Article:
Our climate is changing, and new scientific evidence suggests that the scale and pace of climate change impacts could be even greater than originally expected. In New England, we will face higher temperatures, increased heavy rain and snow, rising seas, and more intense storms.

These climate conditions will have an extraordinary impact on our built environment. And while reducing the emissions that lead to climate disruption is important, the changing weather patterns today bring a new urgency to the role of climate adaptation strategies in regulation, planning, design, and other disciplines.

The prevailing practice today, even for most critical infrastructure, such as hospitals, power stations, and major roadways, is to design and build according to the climate patterns of the past rather than those we see now and are anticipating imminently. This is like driving a car at high speed and using the rearview mirror for guidance instead of looking straight ahead – dangerous! It has significant implications for our public health and safety, and for the resilience of our economy to extreme and catastrophic weather.

Failure to act in the face of climate risk could result in legal liability.

Assessment of climate risk is mostly absent in prevailing practices, as are explicit standards for climate risk in applicable laws and regulations. But these are not the only factors that determine legal responsibility for the harm that may result from failing to act reasonably in the face of ascertainable climate risk.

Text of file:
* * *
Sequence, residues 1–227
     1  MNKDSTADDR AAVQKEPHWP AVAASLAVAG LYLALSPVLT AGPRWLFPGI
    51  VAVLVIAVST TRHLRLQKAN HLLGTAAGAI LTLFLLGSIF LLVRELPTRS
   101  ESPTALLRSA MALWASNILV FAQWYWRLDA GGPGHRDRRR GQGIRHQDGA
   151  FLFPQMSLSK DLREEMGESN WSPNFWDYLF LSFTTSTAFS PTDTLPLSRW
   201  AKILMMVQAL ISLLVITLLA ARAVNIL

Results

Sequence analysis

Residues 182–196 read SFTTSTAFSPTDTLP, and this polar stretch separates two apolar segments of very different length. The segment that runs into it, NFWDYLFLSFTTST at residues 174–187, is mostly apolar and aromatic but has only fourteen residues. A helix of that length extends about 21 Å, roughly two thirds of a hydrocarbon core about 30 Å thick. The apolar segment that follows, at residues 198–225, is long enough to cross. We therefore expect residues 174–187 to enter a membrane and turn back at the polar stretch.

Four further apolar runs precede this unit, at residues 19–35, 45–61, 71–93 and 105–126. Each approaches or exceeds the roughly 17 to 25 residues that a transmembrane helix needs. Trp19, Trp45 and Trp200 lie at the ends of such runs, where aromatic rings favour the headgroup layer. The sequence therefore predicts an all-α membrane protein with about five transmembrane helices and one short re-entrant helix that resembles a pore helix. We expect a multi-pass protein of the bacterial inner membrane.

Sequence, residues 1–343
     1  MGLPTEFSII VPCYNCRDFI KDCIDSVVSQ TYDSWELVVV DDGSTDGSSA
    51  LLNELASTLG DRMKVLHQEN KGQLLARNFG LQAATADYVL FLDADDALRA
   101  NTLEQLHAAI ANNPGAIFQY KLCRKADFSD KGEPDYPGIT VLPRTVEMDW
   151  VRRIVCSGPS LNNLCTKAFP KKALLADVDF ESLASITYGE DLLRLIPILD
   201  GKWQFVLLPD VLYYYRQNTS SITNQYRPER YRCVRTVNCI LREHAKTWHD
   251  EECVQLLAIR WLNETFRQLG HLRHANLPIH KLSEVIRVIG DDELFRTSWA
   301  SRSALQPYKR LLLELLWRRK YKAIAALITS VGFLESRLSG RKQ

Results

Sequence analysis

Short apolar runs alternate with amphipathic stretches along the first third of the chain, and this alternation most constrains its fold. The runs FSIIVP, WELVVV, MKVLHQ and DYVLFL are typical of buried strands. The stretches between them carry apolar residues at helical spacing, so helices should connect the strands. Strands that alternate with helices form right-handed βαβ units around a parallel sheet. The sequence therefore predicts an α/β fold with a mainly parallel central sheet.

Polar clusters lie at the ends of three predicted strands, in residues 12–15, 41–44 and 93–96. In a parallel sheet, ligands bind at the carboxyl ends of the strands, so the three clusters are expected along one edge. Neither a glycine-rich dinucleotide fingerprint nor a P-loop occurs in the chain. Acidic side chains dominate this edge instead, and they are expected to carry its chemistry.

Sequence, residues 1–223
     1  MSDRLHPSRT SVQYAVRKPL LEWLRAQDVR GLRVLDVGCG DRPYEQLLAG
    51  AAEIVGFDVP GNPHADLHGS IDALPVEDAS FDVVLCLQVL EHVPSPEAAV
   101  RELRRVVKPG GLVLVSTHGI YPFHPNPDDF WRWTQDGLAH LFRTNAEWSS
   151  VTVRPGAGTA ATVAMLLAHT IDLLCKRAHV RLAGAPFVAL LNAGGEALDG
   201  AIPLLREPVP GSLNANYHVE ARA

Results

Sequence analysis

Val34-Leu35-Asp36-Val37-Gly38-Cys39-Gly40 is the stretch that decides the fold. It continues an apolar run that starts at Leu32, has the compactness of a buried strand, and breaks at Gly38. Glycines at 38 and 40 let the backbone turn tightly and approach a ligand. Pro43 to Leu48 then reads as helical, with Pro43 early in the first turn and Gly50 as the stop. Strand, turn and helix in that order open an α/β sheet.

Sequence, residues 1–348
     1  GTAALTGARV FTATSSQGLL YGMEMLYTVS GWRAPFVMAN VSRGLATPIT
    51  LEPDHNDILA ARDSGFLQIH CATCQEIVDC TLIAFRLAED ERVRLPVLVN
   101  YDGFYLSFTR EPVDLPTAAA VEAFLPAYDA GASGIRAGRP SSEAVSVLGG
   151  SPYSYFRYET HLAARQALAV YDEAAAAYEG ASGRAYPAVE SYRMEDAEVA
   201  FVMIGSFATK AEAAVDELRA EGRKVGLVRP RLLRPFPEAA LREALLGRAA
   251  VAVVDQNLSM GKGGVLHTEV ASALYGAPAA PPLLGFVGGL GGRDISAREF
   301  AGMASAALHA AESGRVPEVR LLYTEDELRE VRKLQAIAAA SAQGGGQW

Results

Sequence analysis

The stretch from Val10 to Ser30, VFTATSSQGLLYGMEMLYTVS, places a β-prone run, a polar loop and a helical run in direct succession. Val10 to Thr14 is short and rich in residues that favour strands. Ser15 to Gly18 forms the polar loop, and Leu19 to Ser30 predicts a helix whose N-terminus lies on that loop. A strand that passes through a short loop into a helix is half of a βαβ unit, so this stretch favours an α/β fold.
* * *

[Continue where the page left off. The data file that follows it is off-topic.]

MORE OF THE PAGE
Laws and regulations often impose obligations to take reasonable precautions to reduce risk, and these obligations can be heightened when considerations of public health or safety are at issue – think of facilities handling oil or hazardous substances.

For example, a building code may not require elevating mechanical equipment to the upper floors of a building. However, in a legal claim for damages, a court could still find that ascertainable flooding risks due to more prevalent tropical storms and Nor’easters compel this practice as the industry standard of care.

What’s standing in the way of building climate-ready structures? We asked experts to weigh in.